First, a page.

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CRITERIA FOR ACCEPTING PRECOATED AGGREGATES FOR SEAL COATS AND SURFACE TREATMENTS Prithvi S. Kandhal and John B. Motter INTRODUCTION Pennsylvania Department of Transportation (PennDOT) is responsible for the maintenance of 43,000 miles of roadway. PennDOT's projected maintenance program for 1987 included placing seal coat applications over 5,000 miles of roadway requiring over 14 million gallons of emulsified asphalt. One of the most common causes of seal coat failures is the presence of dust on the cover aggregate which prevents good adhesion between the aggregate and the applied bituminous binder. Precoating the aggregate with a very thin film of bituminous binder usually solves the dust problem and provides good adhesion. PennDOT recommends the use of precoated aggregates in seal coats and surface treatments on the roads carrying more than 1500 average daily traffic (ADT). The current PennDOT specifications require that "at least 90 percent of the total visible area of the aggregates shall be coated with a bituminous film—any thin, brownish, translucent areas will be considered full coated." Questions have been raised about the minimum degree of precoating required and its subjective determination. Some people believe that a lesser degree of coating (even a salt and pepper effect) will be as effective as 90 percent coating. A need was felt to develop an end-result type test in lieu of the subjective visual test for accepting the precoated aggregates for Department work. The objectives of this research are (i) to evaluate the adhesion of aggregates precoated to varying degree so that the optimum precoating requirement can be established, and (ii) to develop an end-result type test in lieu of the subjective visual test for accepting precoated aggregates. REVIEW OF LITERATURE AND CURRENT PRACTICES PennDOT uses a rational design method (l, 2) to establish the application rates of bituminous binder and cover aggregate. This was done in 1975 to have a uniform practice throughout the state and to minimize failures resulting from improper application rates. However, the specification allowed up to 2 percent of minus 200 material (hereinafter called 'dust') in the cover aggregate. This was considered excessive for applications on high volume roads and, therefore, specifications for precoated aggregates were developed in 1980 based on the experience in other States and overseas (particularly in Australia, New Zealand and United Kingdom). Review of Literature Before commencing this research, a review of literature on precoated aggregates was conducted. Highway Research Board's Special Report No. 96 (3) on "State-of-the-Art: Surface Treatments" summarized the existing literature in 1968 on this subject. It was mentioned that "one cannot overemphasize the importance of the physical condition (dusty) of the cover aggregate, the success or failure of a particular surface treatment might well depend solely upon the condition of the cover material." Benson and Gallaway (4)'s research indicated that for the presence of one percent dust there was a loss in aggregate retention of 12 percent by weight per unit area. One method of dealing with the dust problem is washing and drying the aggregate by mechanical means before application which solves the problem almost entirely. The other methods include coating the aggregate with either a bituminous material or a kerosene film before application. Precoating with a bituminous material almost guarantees good adhesion. Longer life experienced with precoated aggregates justifies the increased cost.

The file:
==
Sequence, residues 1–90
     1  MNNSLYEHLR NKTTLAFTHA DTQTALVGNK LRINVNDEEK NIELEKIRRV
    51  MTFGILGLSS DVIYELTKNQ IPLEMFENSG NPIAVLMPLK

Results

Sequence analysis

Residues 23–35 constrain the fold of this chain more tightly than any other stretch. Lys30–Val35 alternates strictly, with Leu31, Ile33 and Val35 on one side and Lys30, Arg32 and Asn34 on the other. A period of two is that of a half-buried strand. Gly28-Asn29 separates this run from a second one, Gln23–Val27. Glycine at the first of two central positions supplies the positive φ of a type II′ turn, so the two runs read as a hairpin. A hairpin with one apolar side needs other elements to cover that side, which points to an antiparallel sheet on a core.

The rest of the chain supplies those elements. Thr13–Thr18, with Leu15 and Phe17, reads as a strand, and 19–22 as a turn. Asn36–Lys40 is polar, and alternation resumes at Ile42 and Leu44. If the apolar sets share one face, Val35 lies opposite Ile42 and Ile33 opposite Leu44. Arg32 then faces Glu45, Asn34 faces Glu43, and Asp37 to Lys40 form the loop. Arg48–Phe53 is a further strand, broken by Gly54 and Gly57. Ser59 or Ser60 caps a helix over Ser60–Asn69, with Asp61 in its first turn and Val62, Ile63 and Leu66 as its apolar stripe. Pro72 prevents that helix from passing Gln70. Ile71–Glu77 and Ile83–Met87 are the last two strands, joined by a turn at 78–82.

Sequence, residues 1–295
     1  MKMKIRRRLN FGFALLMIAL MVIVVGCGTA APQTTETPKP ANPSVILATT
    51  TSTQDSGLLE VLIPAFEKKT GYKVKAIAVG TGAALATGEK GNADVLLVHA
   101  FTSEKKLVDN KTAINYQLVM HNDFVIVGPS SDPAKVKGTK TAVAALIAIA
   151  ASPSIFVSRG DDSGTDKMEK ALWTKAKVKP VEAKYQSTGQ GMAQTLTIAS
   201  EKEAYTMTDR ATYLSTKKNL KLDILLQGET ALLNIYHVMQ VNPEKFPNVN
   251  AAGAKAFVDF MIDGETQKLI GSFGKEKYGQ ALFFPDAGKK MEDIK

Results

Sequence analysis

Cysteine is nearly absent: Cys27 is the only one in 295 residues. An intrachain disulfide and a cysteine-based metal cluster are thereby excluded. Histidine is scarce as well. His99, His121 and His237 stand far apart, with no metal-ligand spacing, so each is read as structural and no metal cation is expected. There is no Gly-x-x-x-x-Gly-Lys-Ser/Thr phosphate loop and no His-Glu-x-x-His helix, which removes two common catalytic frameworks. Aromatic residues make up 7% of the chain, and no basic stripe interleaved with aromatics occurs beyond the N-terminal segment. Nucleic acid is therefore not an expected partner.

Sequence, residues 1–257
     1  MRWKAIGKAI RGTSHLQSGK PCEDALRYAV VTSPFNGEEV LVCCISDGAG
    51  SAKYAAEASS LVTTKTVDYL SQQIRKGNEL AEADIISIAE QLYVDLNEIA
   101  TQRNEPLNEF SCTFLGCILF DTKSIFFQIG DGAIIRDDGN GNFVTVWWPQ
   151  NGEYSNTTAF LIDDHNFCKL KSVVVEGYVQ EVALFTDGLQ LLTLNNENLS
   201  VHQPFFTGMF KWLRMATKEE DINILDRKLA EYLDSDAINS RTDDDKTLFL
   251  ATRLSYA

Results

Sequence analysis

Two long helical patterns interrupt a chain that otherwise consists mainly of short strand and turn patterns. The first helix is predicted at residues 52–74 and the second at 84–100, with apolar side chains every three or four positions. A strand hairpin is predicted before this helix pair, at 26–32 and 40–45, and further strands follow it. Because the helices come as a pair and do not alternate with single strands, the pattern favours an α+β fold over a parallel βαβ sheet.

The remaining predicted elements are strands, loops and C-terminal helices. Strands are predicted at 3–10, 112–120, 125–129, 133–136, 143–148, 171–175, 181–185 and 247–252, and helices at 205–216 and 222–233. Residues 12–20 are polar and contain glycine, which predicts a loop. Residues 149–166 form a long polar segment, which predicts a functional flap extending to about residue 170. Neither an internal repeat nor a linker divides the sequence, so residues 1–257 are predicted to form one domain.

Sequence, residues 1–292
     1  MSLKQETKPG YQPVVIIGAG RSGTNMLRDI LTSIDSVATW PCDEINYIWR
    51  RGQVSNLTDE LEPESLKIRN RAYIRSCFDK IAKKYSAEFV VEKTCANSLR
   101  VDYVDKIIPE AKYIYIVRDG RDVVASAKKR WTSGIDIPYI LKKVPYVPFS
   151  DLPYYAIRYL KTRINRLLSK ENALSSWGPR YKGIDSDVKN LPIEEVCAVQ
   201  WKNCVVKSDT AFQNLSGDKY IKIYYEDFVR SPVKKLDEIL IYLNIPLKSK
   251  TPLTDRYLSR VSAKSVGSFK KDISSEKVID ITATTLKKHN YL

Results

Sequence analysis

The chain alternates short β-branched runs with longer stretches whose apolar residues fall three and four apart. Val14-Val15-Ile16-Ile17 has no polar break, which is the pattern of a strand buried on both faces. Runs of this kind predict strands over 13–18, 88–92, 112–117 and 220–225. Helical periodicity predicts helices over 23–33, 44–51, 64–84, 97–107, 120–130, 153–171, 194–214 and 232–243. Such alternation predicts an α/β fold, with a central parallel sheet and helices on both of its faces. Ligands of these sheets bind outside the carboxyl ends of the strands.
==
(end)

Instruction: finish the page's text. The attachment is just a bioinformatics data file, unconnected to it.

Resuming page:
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Harris (5) recommended the use of precoated aggregates in 1955 mentioning that "on heavily traveled roads, the trend is definitely towards the use of precoated aggregates, and probably as much as one hundred thousand tons will be used in Texas during 1955." Parr (6) reported about a surface treatment project over 33 miles long in Michigan, which gave 17 years of service without maintenance. The aggregate was precoated with an SC-1 oil (approximately one percent). While the cost of precoating is something to be considered, still the long life of the surface treatment had more than paid for the extra cost of precoating. The Asphalt Institute (7) recommends that precoating the aggregate with a very thin film of asphalt usually solves the dust problem and provides good adhesion of the asphalt to the aggregate. The aggregate is run through a hot mix asphalt (HMA) plant dryer, cooled to under 200°F, then mixed in the pugmill with about one percent MC-70 to coat each particle thoroughly. The small amount of asphalt does not change the aggregate from a free flowing material which can still be applied with aggregate spreaders. The precoating adds to the cost of the aggregate but the additional cost is often justified by the better results obtained. The Transport and Road Research Laboratory (TRRL) of the United Kingdom also suggests the use of precoated chippings to overcome the problem of dust (8). Coated chippings adhere immediately to the binder compared to dry uncoated chippings especially when the binder viscosity is relatively high. The most common technique is to heat the chippings to between 220°F and 300°F and to coat them with more normal grades of tar or bitumen. The high temperature used hardens the coating and makes the chippings easy to handle. A binder content of about 0.75 to 1 percent by weight of the chippings is suitable. McLeod (9) has stated that rapid development of good adhesion between cover aggregate and bituminous binder is highly desirable. To achieve this, the National Roads Board of New Zealand requires all cover aggregates on state roads must be washed to remove dust and then precoated. Precoating is done by a special cationic emulsion or cutback asphalt at the rate of one gallon per cubic yard of chips. In Australia, to promote adhesion, stone chips are often similarly precoated with diesel fuel oil at the rate of 1-2 gallons per cubic yard of cover stone or with one percent of MC-30 or MC-70. Precoated sandstone cover aggregate was used successfully on Interstate 81 in Pennsylvania in Federal Highway Administration Demonstration Project 55 (10). The seal coat job was completed in August 1980 using MC-30 Cutback as a precoating material, and CRS-2 (Pennsylvania Designation E-3) Emulsified Asphalt as the application binder. Epps, Gallaway and Hughes (11) have prepared a field manual on design and construction of seal coats. They have stated that "precoated aggregates are more expensive than untreated aggregates but have been utilized to reduce the effect of a dusty aggregate, to reduce automobile glass damage due to flying stone and to promote bond with asphalt." Current Practices A questionnaire was sent to all 50 states of the United States and various highway agencies in Australia, New Zealand and United Kingdom. Australia and New Zealand are considered to be leading countries in obtaining most successful seal coat jobs in the world. The questionnaire and the summary of the responses of 44 responding states from the United States on general seal coat practices such as, most commonly used aggregate gradation and applied bituminous materials, tests and specifications for minus 200 material (dust) in the cover aggregate are given in Reference 12. Table 1 summarizes the response of highway agencies from the United States and abroad which use precoated aggregates in seal coats.